A law-keeper. Drawer summons the Constable to intercept and stop a fight between Ricardo, Pedro, Uberto, and Silvio. With the help of Drawer, the Constable escorts the drunken trouble-makers home.


Mercurie's mother and mistress of the house where Alexander, Nan and Madge work. She employs Viola as a maid. When Alexander informs the Country-woman of the imminent arrival of her son, Mercurie, and that he is bringing a strange woman with him, she is instantly suspicious. But when Mercurie introduces his pale and sickly looking companion, Maria, the Country-woman takes pity on her and welcomes her in. However, her attitude towards Melvia—as Viola calls herself in her position as a servant—is not so forgiving. The Country-woman beats Melvia for breaking a glass and tells her to leave the house after Melvia drops bread. When Melvia/Viola offers one of her jewels to the Country-woman, all is forgiven.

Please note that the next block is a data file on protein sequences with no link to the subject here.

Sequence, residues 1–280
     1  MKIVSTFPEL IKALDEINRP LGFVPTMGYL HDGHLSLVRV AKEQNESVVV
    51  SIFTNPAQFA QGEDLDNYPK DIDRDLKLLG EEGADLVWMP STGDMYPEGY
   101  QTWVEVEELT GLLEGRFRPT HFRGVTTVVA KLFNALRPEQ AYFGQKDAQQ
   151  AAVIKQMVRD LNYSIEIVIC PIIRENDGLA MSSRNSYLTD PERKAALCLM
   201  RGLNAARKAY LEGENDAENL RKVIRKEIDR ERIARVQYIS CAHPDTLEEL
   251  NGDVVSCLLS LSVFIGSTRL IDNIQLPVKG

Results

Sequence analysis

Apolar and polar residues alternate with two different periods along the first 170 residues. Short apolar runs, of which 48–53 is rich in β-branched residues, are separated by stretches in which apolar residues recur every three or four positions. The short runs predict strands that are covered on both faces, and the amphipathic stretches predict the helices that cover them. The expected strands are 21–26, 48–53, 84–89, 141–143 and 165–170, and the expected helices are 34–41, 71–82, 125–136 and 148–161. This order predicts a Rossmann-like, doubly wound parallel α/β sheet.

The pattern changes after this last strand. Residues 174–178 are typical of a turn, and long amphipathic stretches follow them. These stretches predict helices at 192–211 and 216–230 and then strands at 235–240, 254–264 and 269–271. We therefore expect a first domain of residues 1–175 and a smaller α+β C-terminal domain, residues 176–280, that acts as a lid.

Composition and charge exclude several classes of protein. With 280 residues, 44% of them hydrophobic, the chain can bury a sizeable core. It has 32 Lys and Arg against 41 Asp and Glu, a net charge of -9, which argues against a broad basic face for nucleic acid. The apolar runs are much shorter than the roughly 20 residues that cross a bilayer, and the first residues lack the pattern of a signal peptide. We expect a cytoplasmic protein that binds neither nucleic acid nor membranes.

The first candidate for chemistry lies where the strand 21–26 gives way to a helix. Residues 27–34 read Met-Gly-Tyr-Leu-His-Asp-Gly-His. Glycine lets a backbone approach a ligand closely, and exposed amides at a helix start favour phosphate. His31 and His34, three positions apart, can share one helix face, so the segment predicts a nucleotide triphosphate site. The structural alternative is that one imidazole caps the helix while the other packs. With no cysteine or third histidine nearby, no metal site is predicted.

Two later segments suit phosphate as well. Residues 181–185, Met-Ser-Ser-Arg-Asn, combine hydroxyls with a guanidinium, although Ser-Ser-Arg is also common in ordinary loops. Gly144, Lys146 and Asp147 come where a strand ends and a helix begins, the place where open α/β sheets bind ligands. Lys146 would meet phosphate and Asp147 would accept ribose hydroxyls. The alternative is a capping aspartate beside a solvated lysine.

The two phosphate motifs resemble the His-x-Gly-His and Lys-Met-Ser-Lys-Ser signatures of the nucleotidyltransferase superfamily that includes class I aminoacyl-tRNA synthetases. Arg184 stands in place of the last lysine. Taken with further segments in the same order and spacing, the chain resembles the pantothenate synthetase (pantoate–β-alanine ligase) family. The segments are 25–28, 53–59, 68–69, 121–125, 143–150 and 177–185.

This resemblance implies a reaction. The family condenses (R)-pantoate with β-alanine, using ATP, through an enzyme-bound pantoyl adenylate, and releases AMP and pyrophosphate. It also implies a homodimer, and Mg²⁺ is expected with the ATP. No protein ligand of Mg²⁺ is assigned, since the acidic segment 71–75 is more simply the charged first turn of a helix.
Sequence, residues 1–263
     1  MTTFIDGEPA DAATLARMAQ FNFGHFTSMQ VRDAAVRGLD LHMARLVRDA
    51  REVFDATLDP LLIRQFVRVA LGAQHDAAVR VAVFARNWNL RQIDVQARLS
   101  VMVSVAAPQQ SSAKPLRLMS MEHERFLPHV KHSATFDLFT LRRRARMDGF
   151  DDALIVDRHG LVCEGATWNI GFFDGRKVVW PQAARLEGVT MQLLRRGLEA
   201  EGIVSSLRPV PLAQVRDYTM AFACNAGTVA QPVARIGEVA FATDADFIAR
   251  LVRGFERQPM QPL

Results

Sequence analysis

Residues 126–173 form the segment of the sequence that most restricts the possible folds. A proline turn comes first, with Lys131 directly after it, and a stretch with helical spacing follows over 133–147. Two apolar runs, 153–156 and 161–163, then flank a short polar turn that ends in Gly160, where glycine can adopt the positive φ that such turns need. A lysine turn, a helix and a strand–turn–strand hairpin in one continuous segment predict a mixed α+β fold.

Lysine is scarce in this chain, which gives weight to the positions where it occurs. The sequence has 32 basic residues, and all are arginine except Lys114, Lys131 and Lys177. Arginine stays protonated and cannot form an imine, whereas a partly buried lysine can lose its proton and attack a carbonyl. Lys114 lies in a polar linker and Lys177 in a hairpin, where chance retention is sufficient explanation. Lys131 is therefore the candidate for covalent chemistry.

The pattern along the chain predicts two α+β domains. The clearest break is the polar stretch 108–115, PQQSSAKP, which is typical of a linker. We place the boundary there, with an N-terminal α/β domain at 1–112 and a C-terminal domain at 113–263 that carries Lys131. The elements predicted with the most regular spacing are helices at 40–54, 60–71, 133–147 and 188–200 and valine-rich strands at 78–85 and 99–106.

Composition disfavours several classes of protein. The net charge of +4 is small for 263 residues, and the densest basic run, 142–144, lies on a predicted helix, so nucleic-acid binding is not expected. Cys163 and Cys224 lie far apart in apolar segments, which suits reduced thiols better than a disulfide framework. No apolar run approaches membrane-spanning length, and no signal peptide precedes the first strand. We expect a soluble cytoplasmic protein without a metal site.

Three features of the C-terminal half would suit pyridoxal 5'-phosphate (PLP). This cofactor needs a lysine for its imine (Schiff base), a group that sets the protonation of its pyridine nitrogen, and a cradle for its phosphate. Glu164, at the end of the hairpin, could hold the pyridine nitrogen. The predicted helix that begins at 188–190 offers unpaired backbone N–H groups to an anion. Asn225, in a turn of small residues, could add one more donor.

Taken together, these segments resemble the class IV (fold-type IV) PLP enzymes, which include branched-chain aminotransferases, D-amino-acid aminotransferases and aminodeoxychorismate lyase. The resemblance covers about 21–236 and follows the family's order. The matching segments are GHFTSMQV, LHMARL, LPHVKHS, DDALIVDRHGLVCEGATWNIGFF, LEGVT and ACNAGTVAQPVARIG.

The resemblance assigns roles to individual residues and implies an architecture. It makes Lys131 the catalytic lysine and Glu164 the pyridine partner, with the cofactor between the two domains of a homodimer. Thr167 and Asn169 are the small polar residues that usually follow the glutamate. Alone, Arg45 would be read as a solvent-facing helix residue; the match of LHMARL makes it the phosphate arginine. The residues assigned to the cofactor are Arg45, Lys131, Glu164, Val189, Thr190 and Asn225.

Kinsman to Antonio. Curio delivers an urgent message from the City to the Justice concerning the alleged death of Antonio.


A streetwalker and common whore. Called "the Tinker's troll." She and the Tinker accost Viola when they happen upon her in the middle of the night; they tie her up, and steal her belongings.


An assistant to the Constable. Nevertheless, he tells Ricardo and his three "merry friends" that he can get them wine and women.


The epilogue tells the audience that he hopes they liked the play. If so, he'll have it made, if not, he'll have nothing.